Dumbing Down or Double-Standard?
Driver aids are welcomed by some but are greeted with fear and hatred by others. Who is right?
It is the same every single time I report on a new technological development on an item of construction equipment. The merest mention of any kind of operator aid instantly divides the readership into those that welcome such beneficial developments; and those that see them as a physical manifestation of man’s gradual replacement by machine.
The palpable fear among equipment operators that believe their role is under threat –whether from cheap labour, remote controls or full automation — is, of course, entirely understandable.
Yet history suggests that these fears are unfounded or at least over-stated. And since many of those that operate machines are weekend petrol-heads, let’s look at the Formula 1 industry for a direct comparison.
Regardless of what you think of his dress sense and his political posturing and pontificating, there is no denying that F1 driver Lewis Hamilton has written himself into the sport’s history books as one of the all-time greats. But he has done so with the aid of literally millions of pounds’ worth of technological assistance.
His car is finely tuned to each race circuit. Power steering makes the car easier to control and reduces driver fatigue while “flappy paddles” afford seamless, instant gear changes. Engine modes can be selected to conserve fuel or provide more power; brake bias can be adjusted to suit specific corners mid-race; a Drag Reduction System (DRS) helps boost the car’s top speed and helps the driver overtake. Every process and function of the car’s engine, gearbox and tyres is relayed via telematics to an assembled team of highly-trained engineers in the pit lane who can analyse that transmitted data and inform Hamilton of any on-the-go adjustments that might be required. The driver is in two-way conversation with his pit crew throughout the race.
Compare that to the F1 legend Juan Manuel Fangio who won his first grand prix back in 1950. The in-car technology available to Fangio at the time consisted of a couple of pedals and a steering wheel. The pit crew knew something had gone awry with Fangio’s car when pieces of it fell off. And communication between team and driver took place once per lap via the less-than-advanced medium of a chalk-board held aloft by a crew member.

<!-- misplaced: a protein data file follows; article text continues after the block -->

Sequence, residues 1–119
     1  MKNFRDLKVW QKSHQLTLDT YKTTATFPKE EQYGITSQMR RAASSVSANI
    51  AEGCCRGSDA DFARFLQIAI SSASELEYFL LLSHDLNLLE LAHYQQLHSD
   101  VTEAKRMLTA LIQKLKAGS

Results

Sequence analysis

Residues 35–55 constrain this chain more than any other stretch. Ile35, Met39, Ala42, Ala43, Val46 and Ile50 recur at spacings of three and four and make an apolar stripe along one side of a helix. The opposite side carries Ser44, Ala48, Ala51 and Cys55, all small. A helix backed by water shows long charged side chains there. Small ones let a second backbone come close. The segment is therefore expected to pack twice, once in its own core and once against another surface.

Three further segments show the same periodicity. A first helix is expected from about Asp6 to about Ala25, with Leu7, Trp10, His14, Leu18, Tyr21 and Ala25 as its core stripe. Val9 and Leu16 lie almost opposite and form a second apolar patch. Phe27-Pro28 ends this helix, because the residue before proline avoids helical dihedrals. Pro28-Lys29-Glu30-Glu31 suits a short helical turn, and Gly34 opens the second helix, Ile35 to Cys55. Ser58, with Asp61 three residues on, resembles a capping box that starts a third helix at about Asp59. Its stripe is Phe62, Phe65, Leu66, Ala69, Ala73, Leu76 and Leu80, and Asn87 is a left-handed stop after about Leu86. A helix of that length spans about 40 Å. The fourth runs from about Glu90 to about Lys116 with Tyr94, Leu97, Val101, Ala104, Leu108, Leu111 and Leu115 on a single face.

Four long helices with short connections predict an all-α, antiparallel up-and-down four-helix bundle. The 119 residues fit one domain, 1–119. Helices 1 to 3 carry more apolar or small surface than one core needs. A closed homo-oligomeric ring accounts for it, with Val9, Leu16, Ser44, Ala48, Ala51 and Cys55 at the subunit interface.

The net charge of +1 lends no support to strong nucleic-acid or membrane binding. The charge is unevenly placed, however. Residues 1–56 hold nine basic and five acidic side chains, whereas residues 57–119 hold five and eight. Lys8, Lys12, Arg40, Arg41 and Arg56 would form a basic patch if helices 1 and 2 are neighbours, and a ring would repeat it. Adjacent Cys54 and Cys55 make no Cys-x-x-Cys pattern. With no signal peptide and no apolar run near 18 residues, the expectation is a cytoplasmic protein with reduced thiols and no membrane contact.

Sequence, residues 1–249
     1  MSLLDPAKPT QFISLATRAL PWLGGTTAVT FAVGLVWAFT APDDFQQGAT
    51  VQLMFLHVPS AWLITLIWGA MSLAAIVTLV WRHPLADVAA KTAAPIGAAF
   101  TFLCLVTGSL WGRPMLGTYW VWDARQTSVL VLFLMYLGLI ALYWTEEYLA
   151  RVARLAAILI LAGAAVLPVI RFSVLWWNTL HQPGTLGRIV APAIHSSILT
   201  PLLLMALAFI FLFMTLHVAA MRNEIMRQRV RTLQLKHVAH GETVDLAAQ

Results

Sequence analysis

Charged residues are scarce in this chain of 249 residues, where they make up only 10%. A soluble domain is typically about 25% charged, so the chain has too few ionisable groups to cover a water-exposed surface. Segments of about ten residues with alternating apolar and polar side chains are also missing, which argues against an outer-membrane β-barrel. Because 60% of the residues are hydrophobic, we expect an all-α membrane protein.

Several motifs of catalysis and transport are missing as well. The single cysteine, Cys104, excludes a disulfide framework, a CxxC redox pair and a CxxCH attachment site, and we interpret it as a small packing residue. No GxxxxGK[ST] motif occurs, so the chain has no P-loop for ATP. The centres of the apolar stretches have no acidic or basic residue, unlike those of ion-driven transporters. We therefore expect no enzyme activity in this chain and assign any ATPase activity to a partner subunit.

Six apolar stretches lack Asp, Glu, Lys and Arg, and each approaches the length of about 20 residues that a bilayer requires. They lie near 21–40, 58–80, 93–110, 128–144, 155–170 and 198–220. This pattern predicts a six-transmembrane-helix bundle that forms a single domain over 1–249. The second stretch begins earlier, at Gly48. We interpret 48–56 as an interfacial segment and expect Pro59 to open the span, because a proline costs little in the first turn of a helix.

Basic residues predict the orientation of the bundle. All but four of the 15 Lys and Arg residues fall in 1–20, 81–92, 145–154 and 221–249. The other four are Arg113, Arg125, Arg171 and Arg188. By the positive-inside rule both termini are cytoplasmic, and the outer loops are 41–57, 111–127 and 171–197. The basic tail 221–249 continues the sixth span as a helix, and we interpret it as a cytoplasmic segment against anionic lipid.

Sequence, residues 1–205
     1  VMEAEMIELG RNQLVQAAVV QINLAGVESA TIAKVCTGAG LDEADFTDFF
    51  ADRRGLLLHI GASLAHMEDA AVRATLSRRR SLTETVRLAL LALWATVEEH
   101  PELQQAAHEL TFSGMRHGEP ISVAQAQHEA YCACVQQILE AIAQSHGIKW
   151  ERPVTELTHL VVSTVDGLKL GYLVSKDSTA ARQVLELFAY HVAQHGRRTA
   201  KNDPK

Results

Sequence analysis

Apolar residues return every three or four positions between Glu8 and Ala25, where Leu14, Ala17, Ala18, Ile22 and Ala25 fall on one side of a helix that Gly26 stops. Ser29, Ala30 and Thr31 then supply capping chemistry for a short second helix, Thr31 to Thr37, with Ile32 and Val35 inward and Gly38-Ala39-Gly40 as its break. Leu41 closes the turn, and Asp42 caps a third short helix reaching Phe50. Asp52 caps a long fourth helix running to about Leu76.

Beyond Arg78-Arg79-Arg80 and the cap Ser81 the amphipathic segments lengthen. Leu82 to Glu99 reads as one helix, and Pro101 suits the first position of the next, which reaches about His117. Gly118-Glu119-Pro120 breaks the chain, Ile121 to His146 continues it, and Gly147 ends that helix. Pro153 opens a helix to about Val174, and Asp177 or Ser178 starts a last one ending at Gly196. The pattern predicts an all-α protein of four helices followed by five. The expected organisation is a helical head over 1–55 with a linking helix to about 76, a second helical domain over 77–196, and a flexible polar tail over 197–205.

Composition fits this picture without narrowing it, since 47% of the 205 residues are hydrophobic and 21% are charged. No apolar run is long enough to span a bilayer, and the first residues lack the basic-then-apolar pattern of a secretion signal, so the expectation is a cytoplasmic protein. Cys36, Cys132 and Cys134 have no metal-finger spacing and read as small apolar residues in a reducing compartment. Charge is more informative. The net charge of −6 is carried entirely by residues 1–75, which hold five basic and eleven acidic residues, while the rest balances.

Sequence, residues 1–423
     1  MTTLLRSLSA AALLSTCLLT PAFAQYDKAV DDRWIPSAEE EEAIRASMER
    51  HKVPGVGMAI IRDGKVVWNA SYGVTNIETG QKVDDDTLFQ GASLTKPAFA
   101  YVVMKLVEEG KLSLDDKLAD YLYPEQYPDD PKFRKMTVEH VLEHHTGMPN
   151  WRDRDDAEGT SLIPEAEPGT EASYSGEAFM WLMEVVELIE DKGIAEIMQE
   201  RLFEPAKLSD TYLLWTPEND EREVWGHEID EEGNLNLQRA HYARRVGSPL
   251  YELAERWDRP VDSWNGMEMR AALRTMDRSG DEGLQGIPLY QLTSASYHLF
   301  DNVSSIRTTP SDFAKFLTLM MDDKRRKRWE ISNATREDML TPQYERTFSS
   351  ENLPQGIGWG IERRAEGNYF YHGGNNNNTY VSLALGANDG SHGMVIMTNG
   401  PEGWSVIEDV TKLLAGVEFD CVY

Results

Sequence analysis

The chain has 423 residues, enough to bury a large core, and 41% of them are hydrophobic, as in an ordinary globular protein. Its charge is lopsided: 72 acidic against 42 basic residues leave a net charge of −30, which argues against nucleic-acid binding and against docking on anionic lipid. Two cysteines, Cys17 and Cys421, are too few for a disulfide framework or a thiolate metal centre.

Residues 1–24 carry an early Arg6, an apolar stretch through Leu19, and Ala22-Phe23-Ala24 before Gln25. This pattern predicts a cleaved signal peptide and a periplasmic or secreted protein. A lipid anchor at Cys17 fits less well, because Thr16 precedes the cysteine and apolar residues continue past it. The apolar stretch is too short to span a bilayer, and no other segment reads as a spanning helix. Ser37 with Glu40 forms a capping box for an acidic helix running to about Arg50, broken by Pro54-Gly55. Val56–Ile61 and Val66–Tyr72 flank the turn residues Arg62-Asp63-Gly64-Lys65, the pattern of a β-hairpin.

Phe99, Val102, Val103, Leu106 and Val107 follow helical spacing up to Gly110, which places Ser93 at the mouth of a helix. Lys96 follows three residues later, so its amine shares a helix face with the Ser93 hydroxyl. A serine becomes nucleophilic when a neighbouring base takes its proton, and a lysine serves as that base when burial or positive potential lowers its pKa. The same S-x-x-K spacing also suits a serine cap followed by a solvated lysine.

While Fangio holds a special place in the hearts of F1 traditionalists, few would argue that Lewis Hamilton is somehow a lesser driver. He is already believed to be one of the greats of the sport. Chances are, he will go on to eclipse the records of all those that have gone before him. But nobody ever suggests that his accomplishments are somehow tainted or cheapened by the presence of technology in his car.
So why are driver aids seen as entirely acceptable in Forumla 1 but perceived as some kind of threat in the construction and demolition equipment field?
There is the simple answer — That F1 is “just” a sport but driving a digger 10 hours per day is someone’s livelihood. But the answer runs deeper than that, I believe.
Like it or not, we are each defined by our jobs. I am a father of four, a grandfather of two. I am a husband and a son. I am, I believe, the world’s biggest Ultravox fan and I am a boxer dog owner and enthusiast. I am a West Ham supporter and possibly the last person to kick a ball at the Boleyn Ground before it was demolished. But none of this really matters, apparently. On my passport, it states what and who I am in one word: Journalist.
Put simply, threats to our jobs are a threat to our very being; our reason for getting out of bed each morning; the way in which we each provide for our families and fund our respective lifestyles.
In the mostly-male, testosterone-fuelled world of construction equipment operators, this belief is magnified and multiplied. Plant operators are endlessly competitive. Tell them it will take eight bucket loads of material to fill a wagon and they will try to do it in seven. Inform them that the previous operator dug 100 metres of trench in an hour and they will dig 110 metres in 50 minutes.
It is not just their operating skill and prowess that is perceived to be under threat from the imposition of technology. It is their masculinity; their very manhood. To these technologically-wary operators, the offer of a tilt rotator or excavator grade control is akin to offering inflatable arm bands to Michael Phelps.
Aside from an extensive and extensive marketing campaign to reassure these operators that tilt rotators are super-butch or that grade control makes them more attractive to the opposite sex, I have no idea quite what the industry does to address this perception. Maybe there is a band — an increasingly small band — of operators that will always consider driver aids to be beneath them. But I do have just a couple of caveats to add.
No amount of driver aids and technological support and intrusion will ever make a bad operator good. But at a time when we are losing experienced operators faster than we can replace them, such systems do have the ability to make an average or less experienced operator better and — quite conceivably — safer.
My final point is this. Offer those elite operators a works van without power steering, ABS braking, airbags, centralised locking, air conditioning, satellite navigation and Bluetooth connectivity and — in all likelihood — they would complain loudly.
All of which begs one final question: How is it that the male ego is both willing and able to accept the assistance of technology on the way too and from work but has such an issue with it when they get there?
It’s a funny ol’ business, isn’t it?
Mark Anthony is the editor of DemolitionNews.com.